Today’s guest post is from my friend, fellow author and speaker, Patty Mason. Patty has walked through the valley of depression, and now on the other side, she shares hope for others in the valley. I know you’ll be encouraged by her story today.

When I was young, Christmas held a certain level of expectation as my brother and I waited eagerly for the gifts we’d find under the tree. I recall the Christmas I was four. Someone took a picture of us sitting with our mother on the stairs. Our open-mouth, wide-eyed expressions told anyone looking at that photo that Santa was in the room, even though he wasn’t in the photo. I had an aunt who not only dressed up as Santa each year, but also knew how to dress a large festive table, and fill it with an array of food.

As a young wife and mother, Christmas took on another kind of expectation—dread. My attempts at trying my best to make Christmas perfect for so many people only left me frustrated and exhausted. There was a special hope for Christmas in the eyes of my children as their excitement grew before the arrival of Santa; but, so often, as I frantically tried to fulfill my holiday to-do list, I found it difficult to simply enjoy the season.

Eighteen years ago, Christmas took on a whole new meaning. After spending what seemed like an eternity in the pit of depression, I came into the Christmas season in 1996 with a profound sense of devastation. I had reached a point of despair that was so deep that I contemplated taking my life. Even though I was surrounded by young children, a husband who loved me, a nice home, and a festive holiday that was meant to be filled with laughter and faith, I felt hopeless.

By mid-December I was at my darkest point. I had hit rock bottom and convinced myself that everyone would be better off without me. Deep inside I was conflicted. I knew committing suicide was wrong and my actions would hurt my family tremendously, but the darkness was so thick I didn’t see another way out. In one final attempt at finding relief from the pain, I cried out to a God I didn’t know at the time. There was nothing left. I had reached the end of myself. And through the sobs, I began to talk to God.

About a week later, I saw a poster for a Christmas play at a local church. With my two young daughters at my side we sat through four unique performances. For the final act, the church reenacted the birth of Jesus. As a child growing up, I had seen the reenactment several times. Yet, none of what I’d seen before touched me the way this one did. It was like I was seeing the birth of Jesus for the first time. It literally moved my soul in such a way that I wept through the whole thing. Suddenly Christmas took on a whole new meaning, and with this new revelation there came a new awareness of hope and joy.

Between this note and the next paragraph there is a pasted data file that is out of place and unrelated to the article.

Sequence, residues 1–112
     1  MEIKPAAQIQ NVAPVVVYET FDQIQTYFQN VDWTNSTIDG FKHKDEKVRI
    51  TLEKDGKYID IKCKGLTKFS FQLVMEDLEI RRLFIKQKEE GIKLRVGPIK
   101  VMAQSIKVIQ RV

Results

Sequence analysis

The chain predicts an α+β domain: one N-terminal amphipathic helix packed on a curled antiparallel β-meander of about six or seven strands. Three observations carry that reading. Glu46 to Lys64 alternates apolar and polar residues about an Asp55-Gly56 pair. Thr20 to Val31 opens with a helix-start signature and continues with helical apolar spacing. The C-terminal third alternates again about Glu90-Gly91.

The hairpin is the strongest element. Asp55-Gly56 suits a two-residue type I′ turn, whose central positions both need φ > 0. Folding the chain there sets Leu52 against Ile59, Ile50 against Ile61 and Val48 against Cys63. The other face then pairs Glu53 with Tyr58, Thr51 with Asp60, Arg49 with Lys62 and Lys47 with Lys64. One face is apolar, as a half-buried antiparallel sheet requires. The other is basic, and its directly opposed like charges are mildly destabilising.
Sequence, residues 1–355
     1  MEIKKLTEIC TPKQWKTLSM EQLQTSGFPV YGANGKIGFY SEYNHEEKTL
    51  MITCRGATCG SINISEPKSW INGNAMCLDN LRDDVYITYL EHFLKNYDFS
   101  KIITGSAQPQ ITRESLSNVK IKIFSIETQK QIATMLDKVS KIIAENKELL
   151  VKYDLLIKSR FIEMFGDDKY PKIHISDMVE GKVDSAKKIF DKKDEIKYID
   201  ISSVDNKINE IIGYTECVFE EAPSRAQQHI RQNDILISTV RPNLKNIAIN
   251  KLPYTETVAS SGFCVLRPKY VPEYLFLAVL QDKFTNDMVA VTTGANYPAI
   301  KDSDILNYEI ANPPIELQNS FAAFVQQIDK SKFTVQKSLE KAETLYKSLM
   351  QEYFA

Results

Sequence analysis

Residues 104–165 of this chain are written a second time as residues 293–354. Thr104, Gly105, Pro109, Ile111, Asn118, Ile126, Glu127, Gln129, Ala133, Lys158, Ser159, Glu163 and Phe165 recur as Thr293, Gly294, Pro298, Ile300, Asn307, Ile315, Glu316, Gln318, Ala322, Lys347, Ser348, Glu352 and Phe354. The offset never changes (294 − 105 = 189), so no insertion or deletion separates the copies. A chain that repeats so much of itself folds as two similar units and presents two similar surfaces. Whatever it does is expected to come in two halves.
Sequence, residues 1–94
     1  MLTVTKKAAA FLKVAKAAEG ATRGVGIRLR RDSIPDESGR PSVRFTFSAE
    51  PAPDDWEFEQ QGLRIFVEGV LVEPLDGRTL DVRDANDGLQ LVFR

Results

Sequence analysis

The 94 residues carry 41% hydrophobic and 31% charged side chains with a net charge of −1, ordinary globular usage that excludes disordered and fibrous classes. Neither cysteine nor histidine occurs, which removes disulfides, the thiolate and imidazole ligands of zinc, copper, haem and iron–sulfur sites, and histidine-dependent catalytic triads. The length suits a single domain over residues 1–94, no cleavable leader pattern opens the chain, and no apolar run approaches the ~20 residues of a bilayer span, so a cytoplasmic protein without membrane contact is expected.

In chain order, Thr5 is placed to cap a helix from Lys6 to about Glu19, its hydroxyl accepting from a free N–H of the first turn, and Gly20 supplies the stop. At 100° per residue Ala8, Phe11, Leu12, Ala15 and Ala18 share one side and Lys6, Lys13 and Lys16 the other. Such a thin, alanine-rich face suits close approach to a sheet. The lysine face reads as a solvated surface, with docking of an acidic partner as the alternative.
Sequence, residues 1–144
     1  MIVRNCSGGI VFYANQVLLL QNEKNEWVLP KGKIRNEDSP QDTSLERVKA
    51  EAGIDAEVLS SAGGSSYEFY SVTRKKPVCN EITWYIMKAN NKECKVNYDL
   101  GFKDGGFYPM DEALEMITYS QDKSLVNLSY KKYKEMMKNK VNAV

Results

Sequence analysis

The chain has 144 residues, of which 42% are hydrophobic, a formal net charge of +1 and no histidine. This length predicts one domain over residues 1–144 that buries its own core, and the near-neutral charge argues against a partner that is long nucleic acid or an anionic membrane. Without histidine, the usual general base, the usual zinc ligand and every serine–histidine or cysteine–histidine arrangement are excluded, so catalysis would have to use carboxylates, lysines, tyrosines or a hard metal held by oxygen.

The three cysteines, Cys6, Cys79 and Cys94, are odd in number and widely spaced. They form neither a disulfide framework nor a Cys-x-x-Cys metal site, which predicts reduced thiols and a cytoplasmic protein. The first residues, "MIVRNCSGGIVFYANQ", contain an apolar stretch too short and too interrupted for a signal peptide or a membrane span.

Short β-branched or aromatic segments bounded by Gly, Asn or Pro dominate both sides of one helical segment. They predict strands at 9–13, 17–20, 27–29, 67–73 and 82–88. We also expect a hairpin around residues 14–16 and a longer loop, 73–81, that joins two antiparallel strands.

That Christmas, eighteen years ago, as I handed God my brokenness and despair, He exchanged it by filling my heart with His Son. Since then, Jesus changed my heart, attitudes, and life in ways I never dreamed possible. He took all my striving, all my efforts to be perfect, all of my expectations that only led to disappointment and frustration, all of my efforts to find happiness and self-worth and offered me something much greater.

“To you, O LORD, I called; to the LORD I cried for mercy. What gain is there in my destruction, in my going down into the pit? Hear, O LORD, and be merciful to me; O LORD, be my help. You turned my wailing into dancing; you removed my sackcloth and clothed me with joy” (Psalm 63:8-11).    

Christmas is a time of celebration, but for many, as it once was with me, Christmas can be a dark time. If you are struggling this Christmas, know that God loves you and cares about you. He watches over you, and longs for the moment you will give your whole heart to Him. He sees your pain. He knows every tear you cry—and He knows the longing of your soul to find freedom. This Christmas, give God the opportunity to give you a new perspective. Freedom doesn’t come because your circumstances change, freedom comes when you allow God to change our heart.

My purpose in sharing my story is to offer you the love and hope I’ve found. I know what happens to a heart that is locked up in emotional chains, and I know the freedom that can only come from Jesus. You are not alone, reach out to Jesus. Invite Him into all the areas of your brokenness by acknowledging your need for Him. Open your heart and ask Him to give you hope. Ask Him to help you overcome depression, and to teach you how to live in Him.

 ***

Patty Mason is an author, the founder of Liberty in Christ Ministries, and the host of Joyful Living Radio. She has committed her life to offering others the hope, healing, and freedom she found through Jesus Christ. For more information, visit her website at www.libertyinchristministries.com

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